That's where I first met Cosmo.

And with him, I used to perform

for Mum and Dad's society friends.

They used to make such a fuss over me.

If I was very good, I was allowed

to accompany Mom and Dad to the theater.

They brought me up on Shaw...

...Molire, the finest of the classics.

To this was added rigorous

musical training...

...at the Conservatory of Fine Arts.

We rounded out our apprenticeship

at an exclusive dramatics academy.

And at all times...

...the motto remained...

..."Dignity.

Always dignity."

In a few years, we were ready

to embark on a dance concert tour.

We played the finest

symphonic halls in the country.

Fit as a fiddle

And ready for love

I can jump over

The moon up above

Fit as a fiddle

And ready for love

Haven't a worry

Haven't a care

Feelin' like a feather

That's floatin' on air

Fit as a fiddle

And ready for love

Soon the church bells will be ringin'

And a march with Ma and Pa

How the church bells will be ringin'

With a hey-nonny-nonny

And a hot-cha-cha

Hi diddle diddle

My baby's okay

Ask me a riddle

I'm happy to say

Fit as a fiddle

And ready for love

Audiences everywhere adored us.

Get out of here!

Finally we decided to come

to sunny California.

We were stranded...

We were staying here, resting up...

...when offers from the movie

studios started pouring in.

We sorted them out and decided

to favor Monumental Pictures.

Lina, you hate him.

Resist him. Keep that mood music going.

Now, Phil, you come in.

Keep on grinding.

Now you see her. Now here's the bit,

Bert, where you get it on the jaw.

Cut!

No, no! That wasn't right!

You were supposed to go over the bar

and crash into the glasses! Try it again!

Okay, Bert? Bert!

Oh, that's swell, just swell.

Take him away, fellas!

You'll be all right. We've lost

more stuntmen on these pictures...

It'll take hours to get

a new one from Central Casting.

Mr. Dexter, I can do that.

- You? You're a musician.

- That's a moot point.

No kidding!

What's your name?

Don Lockwood, but the fellas

call me "Donald."

Wise guy, huh?

Okay, I'll try you.

Get this guy into Bert's suit!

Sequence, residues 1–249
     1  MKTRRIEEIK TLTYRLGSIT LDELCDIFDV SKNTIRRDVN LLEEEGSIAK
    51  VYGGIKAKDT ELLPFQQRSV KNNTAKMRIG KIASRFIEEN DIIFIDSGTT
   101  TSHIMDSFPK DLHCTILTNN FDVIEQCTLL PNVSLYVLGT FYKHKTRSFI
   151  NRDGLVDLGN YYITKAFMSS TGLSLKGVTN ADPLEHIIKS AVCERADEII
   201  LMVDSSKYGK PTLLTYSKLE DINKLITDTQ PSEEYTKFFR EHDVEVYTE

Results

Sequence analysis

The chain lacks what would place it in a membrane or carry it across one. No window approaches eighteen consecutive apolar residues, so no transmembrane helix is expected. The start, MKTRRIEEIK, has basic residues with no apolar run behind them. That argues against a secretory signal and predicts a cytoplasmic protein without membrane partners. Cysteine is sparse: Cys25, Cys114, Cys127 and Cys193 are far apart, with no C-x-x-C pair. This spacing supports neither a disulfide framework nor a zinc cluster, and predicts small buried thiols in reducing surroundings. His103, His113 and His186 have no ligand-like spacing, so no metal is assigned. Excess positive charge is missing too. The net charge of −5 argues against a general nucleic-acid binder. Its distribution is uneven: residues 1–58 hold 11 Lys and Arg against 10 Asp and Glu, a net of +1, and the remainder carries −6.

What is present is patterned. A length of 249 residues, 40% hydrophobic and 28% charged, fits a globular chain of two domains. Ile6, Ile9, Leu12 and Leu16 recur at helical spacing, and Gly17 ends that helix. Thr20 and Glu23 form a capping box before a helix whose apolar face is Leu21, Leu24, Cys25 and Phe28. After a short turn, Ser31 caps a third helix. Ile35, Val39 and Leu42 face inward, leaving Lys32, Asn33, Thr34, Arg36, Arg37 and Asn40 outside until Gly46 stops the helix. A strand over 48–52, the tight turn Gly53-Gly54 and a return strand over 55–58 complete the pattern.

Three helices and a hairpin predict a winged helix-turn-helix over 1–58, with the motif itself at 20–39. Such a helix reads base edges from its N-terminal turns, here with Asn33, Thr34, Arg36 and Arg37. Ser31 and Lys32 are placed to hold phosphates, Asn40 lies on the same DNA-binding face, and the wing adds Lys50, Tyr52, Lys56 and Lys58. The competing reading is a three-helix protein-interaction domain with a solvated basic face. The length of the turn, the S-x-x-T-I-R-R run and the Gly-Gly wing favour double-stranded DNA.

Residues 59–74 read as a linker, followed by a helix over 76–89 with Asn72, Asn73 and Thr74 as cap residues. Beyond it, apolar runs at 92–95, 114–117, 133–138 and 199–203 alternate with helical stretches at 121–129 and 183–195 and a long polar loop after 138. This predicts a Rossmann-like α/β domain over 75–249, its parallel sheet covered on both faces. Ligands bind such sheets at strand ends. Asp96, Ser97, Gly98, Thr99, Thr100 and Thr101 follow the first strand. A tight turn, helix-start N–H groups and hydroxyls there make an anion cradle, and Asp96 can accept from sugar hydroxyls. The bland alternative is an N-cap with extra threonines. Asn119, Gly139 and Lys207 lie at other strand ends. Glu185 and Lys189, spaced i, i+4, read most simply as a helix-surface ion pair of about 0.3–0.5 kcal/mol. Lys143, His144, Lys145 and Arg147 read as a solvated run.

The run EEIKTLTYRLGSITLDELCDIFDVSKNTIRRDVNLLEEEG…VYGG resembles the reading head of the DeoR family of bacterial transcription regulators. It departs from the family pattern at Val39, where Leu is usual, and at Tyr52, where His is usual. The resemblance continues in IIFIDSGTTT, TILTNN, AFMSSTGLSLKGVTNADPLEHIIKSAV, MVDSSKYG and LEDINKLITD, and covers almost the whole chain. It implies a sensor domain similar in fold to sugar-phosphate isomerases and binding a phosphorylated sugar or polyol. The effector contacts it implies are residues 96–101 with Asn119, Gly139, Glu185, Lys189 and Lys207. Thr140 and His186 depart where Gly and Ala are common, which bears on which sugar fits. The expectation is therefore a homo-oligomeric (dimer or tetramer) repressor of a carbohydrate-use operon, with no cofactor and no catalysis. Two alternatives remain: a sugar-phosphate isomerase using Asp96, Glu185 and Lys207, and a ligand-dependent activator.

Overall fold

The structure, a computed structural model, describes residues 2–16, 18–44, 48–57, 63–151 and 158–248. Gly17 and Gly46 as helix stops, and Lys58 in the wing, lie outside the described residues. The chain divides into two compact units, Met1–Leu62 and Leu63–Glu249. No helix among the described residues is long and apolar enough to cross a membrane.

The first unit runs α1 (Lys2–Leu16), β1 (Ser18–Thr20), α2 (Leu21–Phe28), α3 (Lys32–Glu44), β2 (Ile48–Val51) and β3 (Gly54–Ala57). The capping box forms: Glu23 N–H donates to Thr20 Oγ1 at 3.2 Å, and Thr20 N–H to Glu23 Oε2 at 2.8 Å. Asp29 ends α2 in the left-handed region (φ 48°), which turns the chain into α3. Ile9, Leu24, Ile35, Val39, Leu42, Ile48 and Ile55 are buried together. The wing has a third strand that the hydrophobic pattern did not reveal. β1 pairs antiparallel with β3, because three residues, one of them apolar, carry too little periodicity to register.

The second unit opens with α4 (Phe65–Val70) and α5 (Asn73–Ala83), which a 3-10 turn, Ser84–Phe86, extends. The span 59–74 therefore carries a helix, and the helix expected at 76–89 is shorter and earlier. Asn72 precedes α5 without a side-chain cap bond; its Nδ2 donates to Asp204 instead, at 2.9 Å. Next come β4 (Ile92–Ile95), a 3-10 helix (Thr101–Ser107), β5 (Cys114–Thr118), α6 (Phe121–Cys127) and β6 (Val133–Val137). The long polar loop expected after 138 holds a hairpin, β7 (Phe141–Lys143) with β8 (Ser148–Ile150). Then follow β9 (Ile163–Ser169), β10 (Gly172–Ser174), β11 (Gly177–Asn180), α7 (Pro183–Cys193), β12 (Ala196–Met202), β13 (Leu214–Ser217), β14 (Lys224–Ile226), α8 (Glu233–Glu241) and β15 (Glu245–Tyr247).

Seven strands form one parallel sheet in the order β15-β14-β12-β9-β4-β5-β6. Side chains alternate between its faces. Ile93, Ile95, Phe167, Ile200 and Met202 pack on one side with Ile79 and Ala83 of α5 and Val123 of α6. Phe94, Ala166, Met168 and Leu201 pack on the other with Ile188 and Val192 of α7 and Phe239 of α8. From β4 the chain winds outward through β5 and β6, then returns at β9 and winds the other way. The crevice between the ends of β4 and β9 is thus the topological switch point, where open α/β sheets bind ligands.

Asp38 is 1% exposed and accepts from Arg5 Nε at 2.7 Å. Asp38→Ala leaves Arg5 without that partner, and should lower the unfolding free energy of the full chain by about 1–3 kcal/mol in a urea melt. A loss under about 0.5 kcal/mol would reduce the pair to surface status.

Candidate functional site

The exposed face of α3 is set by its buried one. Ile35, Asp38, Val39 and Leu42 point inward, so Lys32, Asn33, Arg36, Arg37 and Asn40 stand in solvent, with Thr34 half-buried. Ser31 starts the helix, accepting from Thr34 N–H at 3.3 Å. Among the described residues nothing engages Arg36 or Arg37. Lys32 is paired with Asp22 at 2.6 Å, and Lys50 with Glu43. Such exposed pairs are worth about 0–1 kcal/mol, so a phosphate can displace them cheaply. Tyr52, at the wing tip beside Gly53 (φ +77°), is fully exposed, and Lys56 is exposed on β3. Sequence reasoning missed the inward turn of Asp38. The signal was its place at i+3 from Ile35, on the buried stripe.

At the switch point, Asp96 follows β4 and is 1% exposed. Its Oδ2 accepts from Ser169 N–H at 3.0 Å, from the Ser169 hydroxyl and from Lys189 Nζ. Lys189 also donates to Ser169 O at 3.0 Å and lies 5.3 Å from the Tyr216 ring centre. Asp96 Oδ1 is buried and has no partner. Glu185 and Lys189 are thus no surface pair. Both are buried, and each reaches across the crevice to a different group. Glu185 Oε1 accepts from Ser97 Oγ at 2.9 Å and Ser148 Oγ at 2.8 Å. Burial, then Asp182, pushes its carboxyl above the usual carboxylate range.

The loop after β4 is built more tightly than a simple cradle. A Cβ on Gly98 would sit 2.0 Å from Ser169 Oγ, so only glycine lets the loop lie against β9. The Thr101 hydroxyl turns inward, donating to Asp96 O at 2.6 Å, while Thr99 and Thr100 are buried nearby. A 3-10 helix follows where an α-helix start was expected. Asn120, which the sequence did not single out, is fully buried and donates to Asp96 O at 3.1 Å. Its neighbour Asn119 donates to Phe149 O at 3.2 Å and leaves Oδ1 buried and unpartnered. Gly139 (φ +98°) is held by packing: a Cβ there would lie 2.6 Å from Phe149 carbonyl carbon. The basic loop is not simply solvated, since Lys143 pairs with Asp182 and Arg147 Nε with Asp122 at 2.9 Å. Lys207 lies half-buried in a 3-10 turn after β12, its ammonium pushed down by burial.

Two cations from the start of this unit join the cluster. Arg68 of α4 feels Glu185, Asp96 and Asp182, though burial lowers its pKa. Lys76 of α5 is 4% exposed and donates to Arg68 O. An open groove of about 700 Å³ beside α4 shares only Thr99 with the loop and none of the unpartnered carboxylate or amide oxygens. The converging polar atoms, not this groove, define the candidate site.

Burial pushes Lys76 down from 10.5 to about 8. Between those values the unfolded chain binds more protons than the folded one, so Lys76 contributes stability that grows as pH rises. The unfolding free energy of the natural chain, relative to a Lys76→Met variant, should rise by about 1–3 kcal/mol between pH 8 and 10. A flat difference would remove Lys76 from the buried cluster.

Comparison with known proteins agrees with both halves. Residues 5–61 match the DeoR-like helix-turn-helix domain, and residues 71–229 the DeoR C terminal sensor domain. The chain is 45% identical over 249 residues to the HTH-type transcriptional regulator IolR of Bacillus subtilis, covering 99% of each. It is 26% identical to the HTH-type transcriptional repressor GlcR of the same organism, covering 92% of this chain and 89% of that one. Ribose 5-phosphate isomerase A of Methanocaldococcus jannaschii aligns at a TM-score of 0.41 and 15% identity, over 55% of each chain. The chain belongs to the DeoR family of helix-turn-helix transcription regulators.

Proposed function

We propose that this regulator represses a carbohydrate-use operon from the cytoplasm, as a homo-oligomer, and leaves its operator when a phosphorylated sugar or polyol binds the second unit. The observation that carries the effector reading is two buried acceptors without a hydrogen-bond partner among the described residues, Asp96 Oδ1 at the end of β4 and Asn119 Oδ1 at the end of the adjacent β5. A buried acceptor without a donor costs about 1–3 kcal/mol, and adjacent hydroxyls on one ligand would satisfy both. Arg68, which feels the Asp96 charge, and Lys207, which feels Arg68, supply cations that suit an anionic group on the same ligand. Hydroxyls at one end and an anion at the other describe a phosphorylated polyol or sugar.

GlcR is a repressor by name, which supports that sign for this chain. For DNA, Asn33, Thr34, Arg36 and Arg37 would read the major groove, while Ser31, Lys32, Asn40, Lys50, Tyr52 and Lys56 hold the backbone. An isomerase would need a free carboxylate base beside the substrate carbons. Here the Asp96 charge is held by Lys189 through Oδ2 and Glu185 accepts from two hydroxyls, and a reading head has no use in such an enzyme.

And remember, Lockwood, you might be

trading that fiddle in for a harp.

Camera!

Phil, come in. Now you see him.

That's it.

Now, here's where you get it

right on the jaw.

Cut!

That was wonderful!

Got any more little chores

you want done?

Plenty!

Okay.

My roles in these films were urbane...

...sophisticated...

...suave.

And of course,

all through those pictures...

...Lina was, as always,

an inspiration to me.

Warm and helpful.

A real lady.

Hello, Miss Lamont.

I'm Don Lockwood, the stuntman.

It was a thrill working

with you, Miss Lamont.

Hey, Don.

Meet the producer

of the picture, R.F. Simpson.

I just saw some rushes and asked

Dexter who the stuntmen were.

He said they were all you. I'm putting

you and Lina together in a picture.

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Betty Comden

Betty Comden (born Basya Cohen, May 3, 1917 – November 23, 2006) was one-half of the musical-comedy duo Comden and Green, who provided lyrics, libretti, and screenplays to some of the most beloved and successful Hollywood musicals and Broadway shows of the mid-20th century. Her writing partnership with Adolph Green, called "the longest running creative partnership in theatre history", lasted for six decades, during which time they collaborated with other leading entertainment figures such as the famed "Freed Unit" at MGM, Jule Styne and Leonard Bernstein, and wrote the musical comedy film Singin' in the Rain. more…